BT wins HSCN connectivity services deal for south-east England

Written by Sam Trendall on 4 September 2018 in News
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Telecoms firm to provide services to 24 trusts and CCGs across the south east

Credit: BT

BT has won the aggregated contract to provide connections to the Health and Social Care Network (HSCN) and other communications services to NHS organisations across the south-east of England.

The deal will see the company deliver services to 280 sites across 24 NHS trusts and clinical commissioning groups in Oxfordshire, Berkshire, Buckinghamshire, Sussex, and Kent. The bedrock of these services will be connecting NHS entities to HSCN via BT’s managed high-speed Ethernet network. 

End users will be offered a number of connection options, all of which will be managed by BT. Once connected to HSCN, health-service organisations will be able to access a range of tools and services, including clinical applications and cloud-based communications platforms.


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The deal runs for a term of five years. Financial terms were not disclosed. 

Danny Longbottom, director of local government and health at BT, said: “Secure, flexible, high-speed connections are increasingly critical to delivering efficient, timely and patient-focused care. We’re proud to be working in partnership with NHS Digital to offer a huge range of services to eligible NHS trusts and CCGs across the south east under this new contract, including embedded security enhanced features – an absolute must when dealing with sensitive patient data and relying on cloud-based applications.”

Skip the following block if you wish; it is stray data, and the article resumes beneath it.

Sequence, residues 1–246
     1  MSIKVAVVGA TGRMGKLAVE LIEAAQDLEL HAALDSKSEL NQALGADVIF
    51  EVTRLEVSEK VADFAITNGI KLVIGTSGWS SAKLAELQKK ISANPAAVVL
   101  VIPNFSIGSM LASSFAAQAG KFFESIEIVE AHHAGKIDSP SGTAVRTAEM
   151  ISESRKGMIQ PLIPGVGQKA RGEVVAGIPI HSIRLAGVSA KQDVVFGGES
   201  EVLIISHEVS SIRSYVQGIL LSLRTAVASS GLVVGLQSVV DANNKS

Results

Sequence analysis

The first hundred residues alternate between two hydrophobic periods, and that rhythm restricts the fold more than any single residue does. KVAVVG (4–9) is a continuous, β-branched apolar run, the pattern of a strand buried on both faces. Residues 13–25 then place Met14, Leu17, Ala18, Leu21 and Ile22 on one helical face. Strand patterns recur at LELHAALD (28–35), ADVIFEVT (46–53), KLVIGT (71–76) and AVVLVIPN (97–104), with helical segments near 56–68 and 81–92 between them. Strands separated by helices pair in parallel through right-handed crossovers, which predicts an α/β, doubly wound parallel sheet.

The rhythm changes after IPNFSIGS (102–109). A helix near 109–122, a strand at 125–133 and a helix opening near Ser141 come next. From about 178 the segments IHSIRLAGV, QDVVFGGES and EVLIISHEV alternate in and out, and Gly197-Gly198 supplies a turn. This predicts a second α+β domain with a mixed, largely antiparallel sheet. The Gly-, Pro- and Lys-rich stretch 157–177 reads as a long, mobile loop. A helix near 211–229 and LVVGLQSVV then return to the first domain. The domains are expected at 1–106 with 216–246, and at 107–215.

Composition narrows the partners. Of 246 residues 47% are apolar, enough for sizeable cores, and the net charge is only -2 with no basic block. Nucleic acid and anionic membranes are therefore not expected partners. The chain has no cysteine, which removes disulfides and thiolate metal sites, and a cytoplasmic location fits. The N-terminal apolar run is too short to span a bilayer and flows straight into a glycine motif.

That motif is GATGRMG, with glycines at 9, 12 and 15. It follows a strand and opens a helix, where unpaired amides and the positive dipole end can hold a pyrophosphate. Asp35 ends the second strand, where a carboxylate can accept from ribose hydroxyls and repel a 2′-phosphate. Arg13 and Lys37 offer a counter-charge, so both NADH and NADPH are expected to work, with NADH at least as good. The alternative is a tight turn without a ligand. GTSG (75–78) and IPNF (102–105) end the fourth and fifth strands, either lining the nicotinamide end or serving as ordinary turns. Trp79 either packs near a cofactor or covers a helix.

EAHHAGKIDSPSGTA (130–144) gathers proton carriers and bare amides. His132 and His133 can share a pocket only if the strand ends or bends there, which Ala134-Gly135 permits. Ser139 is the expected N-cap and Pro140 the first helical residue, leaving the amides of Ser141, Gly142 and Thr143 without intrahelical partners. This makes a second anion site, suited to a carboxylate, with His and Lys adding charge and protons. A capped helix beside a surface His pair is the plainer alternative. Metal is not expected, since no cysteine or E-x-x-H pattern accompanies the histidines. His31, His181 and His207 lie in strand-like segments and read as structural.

Similar aggregated procurements have taken place in regions across England, including London, where KCOM recently won a £13.3m deal to connect 34 NHS organisations across the capital to HSCN. The access contract for the Yorkshire and Humber region – worth £120m – was awarded to Redcentric earlier this year. Aggregated procurements covering the rest of England are taking place throughout 2018.

HSCN, which went live last year, replaced the 13-year-old N3 network – for which connectivity services were supplied solely by BT. 

NHS bodies – either together in isolation – can acquire connections to HSCN and related services via a dynamic purchasing system currently containing 26 suppliers, with four more in the process of being accredited for a spot on the contract. The deal is due to run for 78 months and will be worth an estimated £500m to the featured firms.

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Sam Trendall is editor of PublicTechnology

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